Biphenotypic sinonasal sarcoma (BSNS) is a distinctive, anatomically restricted, low-grade spindle cell sarcoma that shows considerable histologic overlap with other cellular spindle cell neoplasms. This tumor type shows both myogenic and neural differentiation, which can be demonstrated by immunohistochemistry; however, the available diagnostic markers are relatively nonspecific. BSNS is characterized by PAX3 rearrangements, with MAML3 as the most common fusion partner. Our aim was to determine whether immunohistochemistry using a monoclonal PAX3 antibody could distinguish BSNS from potential histologic mimics, as well as to evaluate a widely available polyclonal PAX8 antibody, which is known to cross-react with other paired box transcription factor family members. Immunohistochemistry for PAX3 and PAX8 was performed on whole sections of 15 BSNS (10 with confirmed PAX3 rearrangement) and 10 cases each of the following histologic mimics: malignant peripheral nerve sheath tumor, monophasic synovial sarcoma, spindle cell rhabdomyosarcoma (RMS), solitary fibrous tumor, sinonasal hemangiopericytoma, and cellular schwannoma, as well as alveolar RMS (which harbors PAX3 or PAX7 gene rearrangements). BSNS showed consistent expression of PAX3 (15/15), all multifocal-to-diffuse and most with moderate-to-strong intensity of staining. One single case of spindle cell RMS showed PAX3 expression (1/10), and all other histologic mimics were completely PAX3-negative. In contrast, nuclear staining for PAX8 was present in all 15 BSNS, 7/10 malignant peripheral nerve sheath tumor, 3/10 cellular schwannomas, 2/10 sinonasal hemangiopericytomas, 1/10 synovial sarcoma, 1 spindle cell RMS, and 1 solitary fibrous tumor. All cases of alveolar RMS were positive for PAX8, and most were also positive for PAX3 (8/10). Immunohistochemical expression of PAX3 is highly sensitive (100%) and specific (98%) for BSNS. A polyclonal PAX8 antibody also stains BSNS (likely due to cross-reactivity with PAX3) but has much lower specificity (75%), with frequent expression in numerous mimics.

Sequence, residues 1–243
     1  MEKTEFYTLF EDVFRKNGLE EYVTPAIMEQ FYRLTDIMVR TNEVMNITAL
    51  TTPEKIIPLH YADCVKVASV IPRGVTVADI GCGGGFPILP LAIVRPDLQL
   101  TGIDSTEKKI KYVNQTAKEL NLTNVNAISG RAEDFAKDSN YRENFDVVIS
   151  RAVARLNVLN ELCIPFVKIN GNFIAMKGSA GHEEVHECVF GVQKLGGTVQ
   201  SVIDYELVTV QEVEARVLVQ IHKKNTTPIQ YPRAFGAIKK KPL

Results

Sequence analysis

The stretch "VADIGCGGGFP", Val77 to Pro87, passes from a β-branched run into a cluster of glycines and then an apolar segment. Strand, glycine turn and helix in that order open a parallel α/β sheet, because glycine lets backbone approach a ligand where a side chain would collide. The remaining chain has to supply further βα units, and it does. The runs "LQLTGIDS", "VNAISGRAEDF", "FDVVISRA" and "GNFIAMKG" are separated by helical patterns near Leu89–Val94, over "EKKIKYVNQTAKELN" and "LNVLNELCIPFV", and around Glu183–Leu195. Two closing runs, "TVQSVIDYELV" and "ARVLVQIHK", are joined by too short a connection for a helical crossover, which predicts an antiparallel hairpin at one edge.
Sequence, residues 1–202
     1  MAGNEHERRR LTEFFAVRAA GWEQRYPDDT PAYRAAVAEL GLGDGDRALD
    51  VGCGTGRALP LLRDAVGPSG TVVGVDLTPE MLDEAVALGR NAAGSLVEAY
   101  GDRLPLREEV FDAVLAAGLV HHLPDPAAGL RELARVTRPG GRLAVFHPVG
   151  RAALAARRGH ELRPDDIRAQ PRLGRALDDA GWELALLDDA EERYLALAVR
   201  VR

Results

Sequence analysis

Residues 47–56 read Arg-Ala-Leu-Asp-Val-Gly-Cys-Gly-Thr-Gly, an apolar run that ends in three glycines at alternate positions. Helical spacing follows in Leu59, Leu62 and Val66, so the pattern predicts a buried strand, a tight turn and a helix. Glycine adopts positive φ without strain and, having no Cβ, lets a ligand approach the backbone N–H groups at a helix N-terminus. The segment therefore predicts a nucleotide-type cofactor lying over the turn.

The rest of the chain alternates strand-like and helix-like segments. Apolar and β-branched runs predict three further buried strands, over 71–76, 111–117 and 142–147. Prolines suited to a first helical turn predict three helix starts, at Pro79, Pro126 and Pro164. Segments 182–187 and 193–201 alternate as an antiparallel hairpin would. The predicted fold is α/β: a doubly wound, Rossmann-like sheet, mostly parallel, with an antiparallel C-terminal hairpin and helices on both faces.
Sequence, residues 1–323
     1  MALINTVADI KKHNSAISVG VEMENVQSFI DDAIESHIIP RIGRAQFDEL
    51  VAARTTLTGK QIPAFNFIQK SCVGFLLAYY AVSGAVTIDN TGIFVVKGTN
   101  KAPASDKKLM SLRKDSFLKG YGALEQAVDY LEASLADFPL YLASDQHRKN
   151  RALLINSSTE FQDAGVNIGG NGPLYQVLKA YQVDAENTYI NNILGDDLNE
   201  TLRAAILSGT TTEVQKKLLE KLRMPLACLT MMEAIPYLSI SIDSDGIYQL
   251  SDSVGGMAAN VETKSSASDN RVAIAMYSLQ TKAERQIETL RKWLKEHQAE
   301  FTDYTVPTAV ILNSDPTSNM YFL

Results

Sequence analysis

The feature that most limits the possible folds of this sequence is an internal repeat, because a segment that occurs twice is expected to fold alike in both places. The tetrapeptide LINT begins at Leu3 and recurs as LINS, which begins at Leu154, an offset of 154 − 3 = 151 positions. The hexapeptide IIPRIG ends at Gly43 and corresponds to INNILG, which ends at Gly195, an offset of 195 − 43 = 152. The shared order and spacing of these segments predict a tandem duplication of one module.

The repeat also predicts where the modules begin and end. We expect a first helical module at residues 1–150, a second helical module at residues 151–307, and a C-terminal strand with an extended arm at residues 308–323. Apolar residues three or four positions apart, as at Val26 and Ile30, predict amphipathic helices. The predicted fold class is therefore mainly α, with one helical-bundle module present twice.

Department of Pathology, Brigham and Women’s Hospital and Harvard Medical School, Boston, MA
Presented in part at the 107th Annual Meeting of the US-Canadian Academy of Pathology, March 2018, Vancouver.
Conflicts of Interest and Source of Funding: The authors have disclosed that they have no significant relationships with, or financial interest in, any commercial companies pertaining to this article.
Correspondence: Vickie Y. Jo, MD, Department of Pathology, Brigham and Women’s Hospital, 75 Francis Street, Boston, MA 02115 (e-mail: firstname.lastname@example.org).